When Population Growth and Resource Availability Collide

A growing world population means a dwindling amount of the resources necessary to sustain life. The social tensions throughout Africa show the dangers created by competition for these limited resources.


| Feb. 12, 2009



Water supply

A girl gets a drink of water in Rwanda, where mounting population has limited the resources necessary to sustain life, and has thus caused deadly social conflict.


JON GOS/FLICKR

As land and water become scarce, competition for these vital resources intensifies within societies, particularly between the wealthy and those who are poor and dispossessed. The shrinkage of life-supporting resources per person that comes with population growth is threatening to drop the living standards of millions of people below the survival level, leading to potentially unmanageable social tensions.

Access to land is a prime source of social tension. Expanding world population has cut the grainland per person in half, from 0.23 hectares in 1950 to 0.10 hectares in 2007. One tenth of a hectare is half of a building lot in an affluent U.S. suburb. This ongoing shrinkage of grainland per person makes it difficult for the world’s farmers to feed the 70 million people added to the world population each year. The shrinkage in cropland per person not only threatens livelihoods. In largely subsistence societies, it threatens survival itself. Tensions within communities begin to build as landholdings shrink below the number needed for survival.

The Sahelian zone of Africa, with one of the world’s fastest-growing populations, is an area of spreading conflict. In troubled Sudan, 2 million people have died and more than 4 million have been displaced in the long-standing conflict of more than 20 years between the Muslim north and the Christian south. The more recent conflict in the Darfur region in western Sudan that began in 2003 illustrates the mounting tensions between two Muslim groups: camel herders and subsistence farmers. Government troops are backing Arab militias, which are engaging in the wholesale slaughter of black Sudanese in an effort to drive them off their land, sending them into refugee camps in neighboring Chad. At least some 200,000 people have been killed in the conflict, and another 250,000 have died of hunger and disease in the refugee camps.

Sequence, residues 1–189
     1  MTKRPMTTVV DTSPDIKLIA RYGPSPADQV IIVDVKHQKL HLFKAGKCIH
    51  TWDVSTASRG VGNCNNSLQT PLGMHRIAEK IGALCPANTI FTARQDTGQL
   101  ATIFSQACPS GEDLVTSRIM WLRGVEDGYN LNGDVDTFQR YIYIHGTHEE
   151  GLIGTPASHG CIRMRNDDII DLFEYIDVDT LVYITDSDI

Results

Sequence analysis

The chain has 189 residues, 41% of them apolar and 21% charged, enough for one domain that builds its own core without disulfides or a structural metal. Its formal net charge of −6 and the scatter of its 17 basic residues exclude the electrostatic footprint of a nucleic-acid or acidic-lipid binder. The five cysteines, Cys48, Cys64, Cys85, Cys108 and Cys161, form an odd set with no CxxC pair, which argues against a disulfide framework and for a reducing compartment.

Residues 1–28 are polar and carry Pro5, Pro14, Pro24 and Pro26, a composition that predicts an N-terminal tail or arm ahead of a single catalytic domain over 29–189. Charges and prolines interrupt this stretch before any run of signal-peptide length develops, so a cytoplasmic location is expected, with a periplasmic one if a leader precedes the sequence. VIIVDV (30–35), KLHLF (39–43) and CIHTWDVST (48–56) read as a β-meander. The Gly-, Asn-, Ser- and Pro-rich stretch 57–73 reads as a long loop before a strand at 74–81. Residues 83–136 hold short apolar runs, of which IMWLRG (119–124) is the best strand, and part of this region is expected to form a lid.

The story of Darfur is that of the Sahel, the semiarid region of grassland and dryland farming that stretches across Africa from Senegal in the west to Somalia in the east. In the northern Sahel, grassland is turning to desert, forcing herders southward into the farming areas. Declining rainfall and overgrazing are combining to destroy the grasslands.

Well before the rainfall decline, the seeds for the conflict were being sown as Sudan’s population climbed from 9 million in 1950 to 39 million in 2007, more than a fourfold rise. Meanwhile, the cattle population increased from less than 7 million to 40 million, an increase of nearly sixfold. The number of sheep and goats together increased from less than 14 million to 113 million, an eightfold increase. No grasslands can survive such rapid continuous growth in livestock populations.

In Nigeria, where 148 million people are crammed into an area not much larger than Texas, overgrazing and overplowing are converting grassland and cropland into desert, putting farmers and herders in a war for survival. Unfortunately, the division between herders and farmers is also often the division between Muslims and Christians. The competition for land — amplified by religious differences and combined with a large number of frustrated young men with guns — has created a volatile and violent situation in which finally, in mid-2004, the government imposed emergency rule.





mother earth news fair

MOTHER EARTH NEWS FAIR

Oct. 21-22, 2017
Topeka, KS.

More than 150 workshops, great deals from more than 200 exhibitors, off-stage demos, inspirational keynotes, and great food!

LEARN MORE